However, we do not fully agree with the approach. As part of the suitability assessment, all clients are asked about their sustainability preferences. If the client has no sustainability preferences, it should not be necessary to explain the sustainability features of products/portfolios to the client as this is not in the interest of the clients’ preferences. A regular introduction of the key elements of the product should be sufficient. In addition to this, the following obligation in paragraph 83 should be deleted: ”The firm’s product offer should be documented and explained to the client with a mention of the products/portfolio’s sustainability features.”
Q15. Do you agree with the proposed approach with regard to the possibility for clients to adapt their sustainability preferences in the case of portfolio approach? Do you envisage any other feasible alternative approaches? Please provide some possible examples.
See our previous Q11, Q13 and Q14 answers.
Q16. What measures do you believe that firms should implement to monitor situations where there is a significant occurrence of clients adapting their sustainability preferences? What type of initiatives do you envisage could be undertaken to address any issues detected as a result of this monitoring activity?
In our view it is not a viable approach to monitor situations where there is a significant occurrence of clients adapting their sustainability preferences, as these preferences may be influenced by any change of circumstances or personal views. Such monitoring would be excessively costly to the firms and results of which would behave inaccurate results at best. In principle, we understand the objective behind this proposition but nevertheless in practice think that these obligations should not be imposed via the guidelines.
Q17. Do you agree with the proposed amendment to supporting guideline 10? Please also state the reasons for your answer.
We agree that the clients should be informed on the costs of switching investments as well as on the characteristics of the new product. On the contrary, assessing the benefits of the switch should not be included in the Guidelines, as such assessment would be excessively costly and merely an estimate which could later prove to be materially inaccurate.
Q18. Do you agree with the additional guidance regarding to the qualification of firms’ staff or do you believe that further guidance on this aspect should be needed? Please also state the reasons for your answer.
Generally, it is a good objective that the staff have the necessary knowledge and competence with regard to the criteria of the sustainability preferences and are able to explain the different aspects to clients in non-technical terms. It should be up to the investment service provider to define the need and level for appropriate training for staff.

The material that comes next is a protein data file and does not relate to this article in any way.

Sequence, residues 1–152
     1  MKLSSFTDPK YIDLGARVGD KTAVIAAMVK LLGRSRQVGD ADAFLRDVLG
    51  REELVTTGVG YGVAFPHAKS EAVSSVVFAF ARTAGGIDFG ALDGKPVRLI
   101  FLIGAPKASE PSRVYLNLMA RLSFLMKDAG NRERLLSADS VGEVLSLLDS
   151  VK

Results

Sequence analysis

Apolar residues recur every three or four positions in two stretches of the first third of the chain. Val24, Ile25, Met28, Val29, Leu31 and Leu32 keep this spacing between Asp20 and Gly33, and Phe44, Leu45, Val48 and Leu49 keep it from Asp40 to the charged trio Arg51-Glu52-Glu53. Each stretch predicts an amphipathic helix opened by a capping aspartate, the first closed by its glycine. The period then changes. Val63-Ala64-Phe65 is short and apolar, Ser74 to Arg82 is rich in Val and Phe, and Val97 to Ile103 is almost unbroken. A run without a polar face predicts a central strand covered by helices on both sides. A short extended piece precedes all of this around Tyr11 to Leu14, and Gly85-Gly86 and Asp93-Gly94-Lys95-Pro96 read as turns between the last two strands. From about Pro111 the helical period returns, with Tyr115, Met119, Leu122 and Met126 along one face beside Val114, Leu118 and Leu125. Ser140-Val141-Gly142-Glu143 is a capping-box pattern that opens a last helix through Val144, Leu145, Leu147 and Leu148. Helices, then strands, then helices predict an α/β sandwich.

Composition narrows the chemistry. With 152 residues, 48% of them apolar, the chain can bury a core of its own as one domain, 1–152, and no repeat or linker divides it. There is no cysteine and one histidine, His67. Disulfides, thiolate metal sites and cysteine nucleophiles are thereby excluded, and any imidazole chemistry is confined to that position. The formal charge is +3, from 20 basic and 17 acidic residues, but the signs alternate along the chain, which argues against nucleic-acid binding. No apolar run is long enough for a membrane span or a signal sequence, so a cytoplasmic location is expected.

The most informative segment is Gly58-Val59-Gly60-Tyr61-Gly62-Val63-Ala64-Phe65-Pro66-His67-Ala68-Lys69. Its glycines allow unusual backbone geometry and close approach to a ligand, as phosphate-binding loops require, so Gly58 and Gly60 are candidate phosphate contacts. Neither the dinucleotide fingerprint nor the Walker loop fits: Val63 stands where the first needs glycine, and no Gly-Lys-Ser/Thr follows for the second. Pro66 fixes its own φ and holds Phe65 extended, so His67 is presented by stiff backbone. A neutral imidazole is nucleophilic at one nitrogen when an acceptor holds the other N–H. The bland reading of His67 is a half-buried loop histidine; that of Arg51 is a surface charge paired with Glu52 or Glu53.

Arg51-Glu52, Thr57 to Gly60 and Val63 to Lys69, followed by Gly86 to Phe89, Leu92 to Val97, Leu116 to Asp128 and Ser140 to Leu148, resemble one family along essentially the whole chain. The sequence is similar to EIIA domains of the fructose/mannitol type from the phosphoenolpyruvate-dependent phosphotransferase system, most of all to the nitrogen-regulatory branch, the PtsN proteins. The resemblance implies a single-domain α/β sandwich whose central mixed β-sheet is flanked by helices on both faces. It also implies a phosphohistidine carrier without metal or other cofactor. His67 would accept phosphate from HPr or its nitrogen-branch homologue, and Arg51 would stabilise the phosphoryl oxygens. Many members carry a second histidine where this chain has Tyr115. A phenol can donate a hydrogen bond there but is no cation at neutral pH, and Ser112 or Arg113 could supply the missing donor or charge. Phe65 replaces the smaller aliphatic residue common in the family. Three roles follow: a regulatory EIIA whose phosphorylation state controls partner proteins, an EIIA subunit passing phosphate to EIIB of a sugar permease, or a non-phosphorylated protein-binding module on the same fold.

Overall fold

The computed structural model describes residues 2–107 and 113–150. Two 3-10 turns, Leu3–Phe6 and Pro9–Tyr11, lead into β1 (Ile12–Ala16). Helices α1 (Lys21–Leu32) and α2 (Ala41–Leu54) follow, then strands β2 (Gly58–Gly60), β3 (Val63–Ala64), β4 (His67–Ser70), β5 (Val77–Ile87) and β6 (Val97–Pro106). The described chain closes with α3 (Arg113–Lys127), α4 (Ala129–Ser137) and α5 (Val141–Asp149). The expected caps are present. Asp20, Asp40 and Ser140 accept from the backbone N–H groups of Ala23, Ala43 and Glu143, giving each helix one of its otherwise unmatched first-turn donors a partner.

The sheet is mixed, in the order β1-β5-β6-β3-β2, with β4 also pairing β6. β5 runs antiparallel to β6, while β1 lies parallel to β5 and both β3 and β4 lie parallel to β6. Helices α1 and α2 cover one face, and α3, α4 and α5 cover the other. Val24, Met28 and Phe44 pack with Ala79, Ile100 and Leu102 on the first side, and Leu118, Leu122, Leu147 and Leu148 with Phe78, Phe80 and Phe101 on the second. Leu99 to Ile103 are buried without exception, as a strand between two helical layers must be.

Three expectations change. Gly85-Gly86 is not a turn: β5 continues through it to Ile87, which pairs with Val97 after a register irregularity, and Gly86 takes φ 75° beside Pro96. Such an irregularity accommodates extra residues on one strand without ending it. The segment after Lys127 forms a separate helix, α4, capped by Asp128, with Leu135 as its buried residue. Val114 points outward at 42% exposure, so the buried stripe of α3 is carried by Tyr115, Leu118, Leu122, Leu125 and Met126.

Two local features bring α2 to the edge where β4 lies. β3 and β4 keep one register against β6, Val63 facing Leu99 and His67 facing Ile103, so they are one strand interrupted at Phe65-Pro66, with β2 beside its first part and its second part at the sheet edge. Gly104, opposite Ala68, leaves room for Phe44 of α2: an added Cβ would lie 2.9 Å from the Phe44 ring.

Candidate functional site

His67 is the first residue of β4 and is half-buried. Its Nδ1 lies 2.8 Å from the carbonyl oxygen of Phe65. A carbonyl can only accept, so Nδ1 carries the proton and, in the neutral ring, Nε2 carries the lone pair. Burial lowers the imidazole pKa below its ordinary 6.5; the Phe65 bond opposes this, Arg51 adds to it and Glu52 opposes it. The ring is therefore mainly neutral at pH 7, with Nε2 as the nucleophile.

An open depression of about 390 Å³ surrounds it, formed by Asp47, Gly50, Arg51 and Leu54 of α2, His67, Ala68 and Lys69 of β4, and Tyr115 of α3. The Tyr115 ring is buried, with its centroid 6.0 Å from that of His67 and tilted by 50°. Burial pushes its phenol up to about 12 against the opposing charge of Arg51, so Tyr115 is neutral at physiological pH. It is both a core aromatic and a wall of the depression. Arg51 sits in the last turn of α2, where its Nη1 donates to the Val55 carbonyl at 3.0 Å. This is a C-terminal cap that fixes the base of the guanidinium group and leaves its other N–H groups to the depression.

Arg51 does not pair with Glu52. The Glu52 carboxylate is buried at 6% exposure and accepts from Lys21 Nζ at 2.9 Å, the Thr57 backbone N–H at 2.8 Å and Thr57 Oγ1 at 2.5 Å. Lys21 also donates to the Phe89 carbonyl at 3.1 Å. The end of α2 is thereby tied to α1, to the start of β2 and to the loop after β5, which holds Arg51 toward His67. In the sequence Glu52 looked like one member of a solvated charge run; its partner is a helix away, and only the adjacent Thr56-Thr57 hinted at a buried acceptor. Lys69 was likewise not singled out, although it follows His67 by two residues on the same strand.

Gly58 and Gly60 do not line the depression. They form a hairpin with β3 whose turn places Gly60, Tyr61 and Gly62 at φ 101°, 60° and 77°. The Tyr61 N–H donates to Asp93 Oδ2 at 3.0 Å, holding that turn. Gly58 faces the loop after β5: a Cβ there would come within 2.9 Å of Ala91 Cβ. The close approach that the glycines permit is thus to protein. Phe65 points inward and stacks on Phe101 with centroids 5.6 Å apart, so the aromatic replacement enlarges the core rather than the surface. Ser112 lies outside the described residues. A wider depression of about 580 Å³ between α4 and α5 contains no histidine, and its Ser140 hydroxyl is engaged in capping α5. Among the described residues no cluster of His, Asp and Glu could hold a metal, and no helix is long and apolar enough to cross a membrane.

Q19. Do you agree on the guidance provided on record keeping? Please also state the reasons for your answer.
As noted in answer to Q12, record keeping requires further technical adjustments which might be challenging to implement as early as August 2022. In our view, the record keeping requirements are somewhat heavy. Clients should be given unlimited opportunities to update and adapt their preferences. To make this possible in practice, the firms should not be imposed with heavy record keeping or involvement obligations with respect to these activities.
Q20. Do you agree on the alignment of the two sets of guidelines (where common provisions exist for the assessment of suitability and appropriateness)? Please also state the reasons for your answer.
FFI strictly opposes the alignment of the two sets of guidelines, because there are differences in these two processes. The only common thing for both guidelines is the assessment of knowledge and experience based on the MiFID Delegated Regulation (2017/565) article 55. However, if the client is offered the discretionary portfolio management, and the asset manager makes the investment decisions on behalf of the client, there is no need to have as profound understanding compared to the situation where the client makes his/her own investment decisions.
Q21. Do you have any further comment or input on the draft guidelines?
ESMA states that if the firm does not have any products with sustainability related factors matching the client preferences available or if the client adapts his/her preferences, this should also be documented in the suitability report. For the avoidance of doubt, ESMA could clarify that the suitability report does not need to be given when providing portfolio management.
Q22. Do you have any comment on the list of good and poor practices annexed to the guidelines?
Q23. What level of resources (financial and other) would be required to implement and comply with the guidelines (organisational, IT costs, training costs, staff costs, etc., differentiated between one off and ongoing costs)? When answering this question, please also provide information about the size, internal organisation and the nature, scale and complexity of the activities of your institution, where relevant.
The implementation costs of the regulation and guidelines related to sustainability preferences are significant. The costs consist of e.g. significant one-off IT costs and ongoing costs related to staff, training and the maintenance of IT systems.